This Cowboy Museum's Social Media Feed is Rocking

This Cowboy Museum's Social Media Feed is Rocking
Statues at the Oklahoma City Cowboy Museum, Photo Credit: Shutterstock

What happens when a museum hands over its social media feed to its head of security? Hilarious? Entertaining? See for yourself

OT Staff
March 27 , 2020
03 Min Read

With lockdowns in most Covid-19 afflicted nations in place, many museums are taking the digital lane, offering virtual tours to enjoy their collections from the comfort of homes. But the National Cowboy and Heritage Museum in Oklahoma City did not stop there. They have handed over its social media to their head of security, Tim.

And netizens are loving every moment of it.

Tim Send, who began his additional role from March 18, is already a much-followed person. Introducing himself in his first Facebook post, Tim wrote, “I have been asked to take on the additional duty of social media management while the museum is closed. I’m new to social media but excited to share what I am told is called “content” on all of The Cowboy’s what I am told are “platforms” including the Twitter, the Facebook, and the Instagram. My team and I will also continue to protect and monitor the museum and grounds. Thanks, Tim.” And then signed off with a candid statement, “We are required to smile in our official photos.”

This kind of set the tone.

If Tim is to be believed, he knows little about social media, even misinterpreting his grandson’s direction to use a hashtag, which he corrected subsequently.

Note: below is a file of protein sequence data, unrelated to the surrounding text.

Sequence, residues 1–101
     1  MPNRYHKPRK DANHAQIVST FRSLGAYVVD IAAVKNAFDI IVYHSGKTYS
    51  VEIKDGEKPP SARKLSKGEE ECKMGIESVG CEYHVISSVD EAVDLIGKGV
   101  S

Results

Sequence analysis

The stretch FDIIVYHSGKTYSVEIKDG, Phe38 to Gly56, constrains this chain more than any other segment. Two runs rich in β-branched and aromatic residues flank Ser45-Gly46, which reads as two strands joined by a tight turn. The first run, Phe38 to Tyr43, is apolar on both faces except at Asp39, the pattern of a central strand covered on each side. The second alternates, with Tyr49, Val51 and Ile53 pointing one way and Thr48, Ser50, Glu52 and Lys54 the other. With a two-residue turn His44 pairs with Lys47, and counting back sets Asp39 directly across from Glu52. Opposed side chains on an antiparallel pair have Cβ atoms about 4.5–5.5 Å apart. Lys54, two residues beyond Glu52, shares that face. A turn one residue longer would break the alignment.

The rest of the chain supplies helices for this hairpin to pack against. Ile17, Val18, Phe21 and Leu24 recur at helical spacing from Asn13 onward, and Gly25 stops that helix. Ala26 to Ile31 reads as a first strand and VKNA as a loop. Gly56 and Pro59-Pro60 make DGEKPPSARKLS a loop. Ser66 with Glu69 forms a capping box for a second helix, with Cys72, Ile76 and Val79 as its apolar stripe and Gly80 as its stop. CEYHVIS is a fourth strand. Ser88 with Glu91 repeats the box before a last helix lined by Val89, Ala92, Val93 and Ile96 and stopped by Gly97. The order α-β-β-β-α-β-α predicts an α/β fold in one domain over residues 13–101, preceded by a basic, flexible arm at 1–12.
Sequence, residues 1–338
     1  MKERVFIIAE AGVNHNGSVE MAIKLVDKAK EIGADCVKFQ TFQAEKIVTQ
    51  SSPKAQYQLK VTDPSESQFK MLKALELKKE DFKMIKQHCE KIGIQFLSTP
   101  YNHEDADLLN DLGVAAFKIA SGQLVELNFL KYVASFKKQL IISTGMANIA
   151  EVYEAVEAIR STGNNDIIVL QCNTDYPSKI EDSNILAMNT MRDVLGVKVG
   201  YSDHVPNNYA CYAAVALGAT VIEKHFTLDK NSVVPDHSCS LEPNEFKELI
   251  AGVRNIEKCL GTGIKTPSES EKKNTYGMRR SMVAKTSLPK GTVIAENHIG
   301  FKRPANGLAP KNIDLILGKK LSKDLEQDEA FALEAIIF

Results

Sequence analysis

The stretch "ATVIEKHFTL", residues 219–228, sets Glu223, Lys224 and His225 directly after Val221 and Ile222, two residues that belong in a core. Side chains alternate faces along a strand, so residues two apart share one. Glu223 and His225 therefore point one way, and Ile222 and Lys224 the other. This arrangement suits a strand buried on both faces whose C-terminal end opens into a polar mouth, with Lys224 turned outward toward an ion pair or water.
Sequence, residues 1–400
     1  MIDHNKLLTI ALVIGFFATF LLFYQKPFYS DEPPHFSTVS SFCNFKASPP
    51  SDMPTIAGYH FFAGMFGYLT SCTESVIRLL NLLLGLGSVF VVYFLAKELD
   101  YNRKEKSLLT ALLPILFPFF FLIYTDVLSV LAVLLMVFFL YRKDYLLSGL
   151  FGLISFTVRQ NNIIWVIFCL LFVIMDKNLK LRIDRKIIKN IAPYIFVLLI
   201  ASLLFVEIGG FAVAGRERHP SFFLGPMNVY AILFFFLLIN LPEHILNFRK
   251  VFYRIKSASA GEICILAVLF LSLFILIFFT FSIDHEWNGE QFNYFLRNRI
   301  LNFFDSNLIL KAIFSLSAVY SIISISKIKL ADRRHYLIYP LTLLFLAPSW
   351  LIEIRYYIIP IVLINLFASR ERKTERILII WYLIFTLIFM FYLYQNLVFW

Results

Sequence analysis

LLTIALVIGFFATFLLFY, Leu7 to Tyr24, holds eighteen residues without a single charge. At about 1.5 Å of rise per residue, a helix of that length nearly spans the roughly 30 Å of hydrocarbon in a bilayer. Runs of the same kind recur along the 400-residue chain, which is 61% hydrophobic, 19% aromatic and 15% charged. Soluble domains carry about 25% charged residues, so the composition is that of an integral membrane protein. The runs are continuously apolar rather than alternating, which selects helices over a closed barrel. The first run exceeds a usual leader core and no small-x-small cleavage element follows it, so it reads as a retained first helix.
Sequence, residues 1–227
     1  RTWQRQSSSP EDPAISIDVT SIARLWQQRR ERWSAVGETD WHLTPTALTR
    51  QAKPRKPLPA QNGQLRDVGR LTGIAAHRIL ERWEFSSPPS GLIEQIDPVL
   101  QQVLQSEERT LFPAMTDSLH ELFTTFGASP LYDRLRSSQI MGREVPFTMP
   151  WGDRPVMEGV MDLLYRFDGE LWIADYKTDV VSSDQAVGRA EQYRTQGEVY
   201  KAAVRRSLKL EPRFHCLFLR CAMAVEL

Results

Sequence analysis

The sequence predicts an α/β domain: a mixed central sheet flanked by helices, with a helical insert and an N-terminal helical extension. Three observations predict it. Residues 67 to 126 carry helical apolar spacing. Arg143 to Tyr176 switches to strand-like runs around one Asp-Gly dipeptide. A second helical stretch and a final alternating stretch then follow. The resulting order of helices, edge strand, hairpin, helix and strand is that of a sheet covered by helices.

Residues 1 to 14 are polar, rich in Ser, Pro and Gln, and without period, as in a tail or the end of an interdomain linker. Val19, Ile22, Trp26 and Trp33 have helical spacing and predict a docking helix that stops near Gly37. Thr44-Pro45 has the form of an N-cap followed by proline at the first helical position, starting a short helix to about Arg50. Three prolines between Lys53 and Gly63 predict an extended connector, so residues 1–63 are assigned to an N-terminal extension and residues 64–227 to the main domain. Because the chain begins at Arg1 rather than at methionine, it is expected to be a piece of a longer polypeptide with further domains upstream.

The National Cowboy & Western Heritage Museum is America’s premier institution of Western history, art and culture. Founded in 1955, the Museum, located in Oklahoma City, collects, preserves and exhibits Western art and artefacts to stimulate interest in the enduring legacy of the American West. Located on Persimmon Hill, it ‘commands a rare view of the American West’, according to the official website.

Despite his tongue-in-cheek presentation, Tim has been taking his viewers through the museum in an interesting manner. One day it is a simple post on the hat and eyepatch John Wayne wore in the 1969 movie ‘True Grit’ (which got him his only Academy Award). The exhibition explores the similarities and differences between the 1969 and 2010 versions of the movie, including a comparison of character development, cinematography, screenplays, actors’ performances, costumes and much more.

Another day, it is a Remington painting called ‘Ray’s Troops’. Sometimes he bridges the gap between the past and present with amusing chitchat. For example, to introduce the exhibit, a twisted rawhide rope the Argentinian Gauchos would use, he begins, “Lots of people are asking how I ended up doing the social media. The answer is that I got roped into it. LOL.”

Tim will not run out of subjects to post about.

The museum’s permanent collections represent major holdings in Western material culture, frontier military items, American Indian art and artefacts, major art works by Frederic Remington and Charles Russell, the Silberman collection of Native American fine art and the Taos Society of Artists, along with other noted Western painters and sculptors, both historic and contemporary. The collection has been divided into galleries such as American Cowboy, American Rodeo, Art of the American West, Fine Firearms, Museum of the Frontier West, Native American Arts, to name a few. 

And yes, as you scroll through the posts, do not miss the fact that he regularly acknowledges help from all, and signs off each post with a ‘thank you’ – courtesies not easily seen in the net world. Take some cues!

You can also check out the museum's website.

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